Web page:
The ethics of AI-powered marketing technology

The rise of AI in marketing technology brings ethical questions to the forefront. Here's how marketers can balance innovation and privacy.

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Marketers have long used technology and data to target their audiences effectively. AI has now enhanced this capability, but it also raises ethical concerns. How can marketers balance innovation and privacy?

The AI arms race in marketing technology

Martech vendors across all platforms, including data analytics, customer relationship management (CRM) systems, email marketing platforms, social media advertising and more, are racing to incorporate AI features into their products. 

Layering AI on top of the immense amounts of data these platforms often contain about consumers, marketers suddenly have more power at their fingertips than ever. Just a few examples:

Salesforce’s Einstein AI

Einstein GPT will infuse Salesforce’s proprietary AI models with generative AI technology from an ecosystem of partners and real-time data from the Salesforce Data Cloud, which ingests, harmonizes and unifies all of a company’s customer data. 

With Einstein GPT, customers can generate content that continuously adapts to changing customer information and needs in real-time. For example, Einstein GPT can generate personalized emails for salespeople to send to customers, generate targeted content for marketers to increase campaign response rates and auto-generate code for developers.

HubSpot’s Content Assistant and Chatspot AI

Content Assistant helps marketing and sales teams ideate, create and share quality content in a matter of minutes if not seconds. ChatSpot.ai helps HubSpot customers complete a variety of tasks using a natural language chat-based user experience, including drafting professional, effective sales emails personalized to the recipient.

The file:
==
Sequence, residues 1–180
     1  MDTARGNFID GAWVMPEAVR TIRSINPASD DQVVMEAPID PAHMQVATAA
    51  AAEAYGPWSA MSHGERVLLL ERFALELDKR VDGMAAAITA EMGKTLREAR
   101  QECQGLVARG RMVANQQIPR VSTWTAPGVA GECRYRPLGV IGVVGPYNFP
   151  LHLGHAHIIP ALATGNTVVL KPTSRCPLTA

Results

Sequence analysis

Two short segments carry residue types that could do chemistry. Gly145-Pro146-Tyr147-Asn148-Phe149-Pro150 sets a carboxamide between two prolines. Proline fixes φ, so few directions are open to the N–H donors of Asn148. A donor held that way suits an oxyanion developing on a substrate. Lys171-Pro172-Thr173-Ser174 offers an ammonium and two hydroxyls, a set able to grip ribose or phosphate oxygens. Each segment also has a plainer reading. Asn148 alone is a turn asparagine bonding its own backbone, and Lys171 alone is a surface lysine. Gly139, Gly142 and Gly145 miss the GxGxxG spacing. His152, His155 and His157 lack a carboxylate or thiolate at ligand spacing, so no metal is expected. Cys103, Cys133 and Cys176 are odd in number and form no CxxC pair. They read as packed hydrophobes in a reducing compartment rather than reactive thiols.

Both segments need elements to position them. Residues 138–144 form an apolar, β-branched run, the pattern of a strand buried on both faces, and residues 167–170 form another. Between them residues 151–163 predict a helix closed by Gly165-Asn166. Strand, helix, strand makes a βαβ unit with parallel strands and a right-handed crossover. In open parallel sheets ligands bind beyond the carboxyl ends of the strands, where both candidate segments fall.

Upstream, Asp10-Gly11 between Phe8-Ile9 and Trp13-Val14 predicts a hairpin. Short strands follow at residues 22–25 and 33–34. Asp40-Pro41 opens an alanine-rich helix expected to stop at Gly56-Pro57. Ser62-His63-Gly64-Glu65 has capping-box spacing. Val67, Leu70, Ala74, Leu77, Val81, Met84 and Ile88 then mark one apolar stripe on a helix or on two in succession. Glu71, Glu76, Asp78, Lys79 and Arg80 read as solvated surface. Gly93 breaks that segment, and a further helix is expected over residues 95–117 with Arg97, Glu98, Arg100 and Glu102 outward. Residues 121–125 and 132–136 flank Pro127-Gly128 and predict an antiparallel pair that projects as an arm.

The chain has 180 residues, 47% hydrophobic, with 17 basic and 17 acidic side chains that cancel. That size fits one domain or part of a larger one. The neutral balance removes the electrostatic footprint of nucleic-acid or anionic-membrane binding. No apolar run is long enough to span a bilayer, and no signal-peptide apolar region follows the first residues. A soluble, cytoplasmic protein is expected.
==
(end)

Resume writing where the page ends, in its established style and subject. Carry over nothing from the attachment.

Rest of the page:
Sprout Social AI

Smart Query Suggestions elevates Sprout’s Listening solution with GPT-powered query keyword recommendations to capture the most comprehensive insights. Additional upcoming OpenAI and Repustate-based capabilities will minimize manual care tasks, provide targeted, high-quality copy suggestions to prioritize high-impact creative and strategic work and unlock nuanced understanding of social conversation.

The explosion of AI tools enables us to launch more targeted and personalized marketing campaigns quickly. However, AI also introduces a new legion of ethical considerations for marketers to navigate.

Dig deeper: Marketing leaders, are you actually ready for AI?

Data privacy: The cornerstone of ethical marketing

For years, data privacy has been one of the primary ethical concerns in marketing technology. With the proliferation of digital channels, marketers have been able to collect troves of personal information from consumers, often without their explicit consent or awareness. 

In recent years, the introduction of the General Data Protection Regulation (GDPR), California Consumer Privacy Act (CCPA), California Privacy Rights Act (CPRA), Apple’s App Tracking Transparency feature and a slew of other state laws have increased consumer awareness around the data companies are collecting. 

To comply with these new regulations, marketers have learned to consider ethical principles when handling data:

  • Informed consent. Consumers should be fully informed about how their data will be collected, stored and used. Transparent privacy policies and easy-to-understand terms and conditions are essential.
  • Data ownership. Consumers should have control over their data and the ability to access, modify or delete it at any time.
  • Data minimization. Collecting only the data necessary for a specific marketing purpose helps minimize the risk of misuse.
  • Data sharing. Marketers should be cautious about sharing consumer data with third parties, ensuring that these parties adhere to the same ethical standards.

Responsible AI use in marketing

Artificial intelligence revolutionizes marketing by enabling advanced data analysis, predictive modeling and personalized content delivery. However, the speed at which AI is developing is outpacing the government’s ability to regulate it.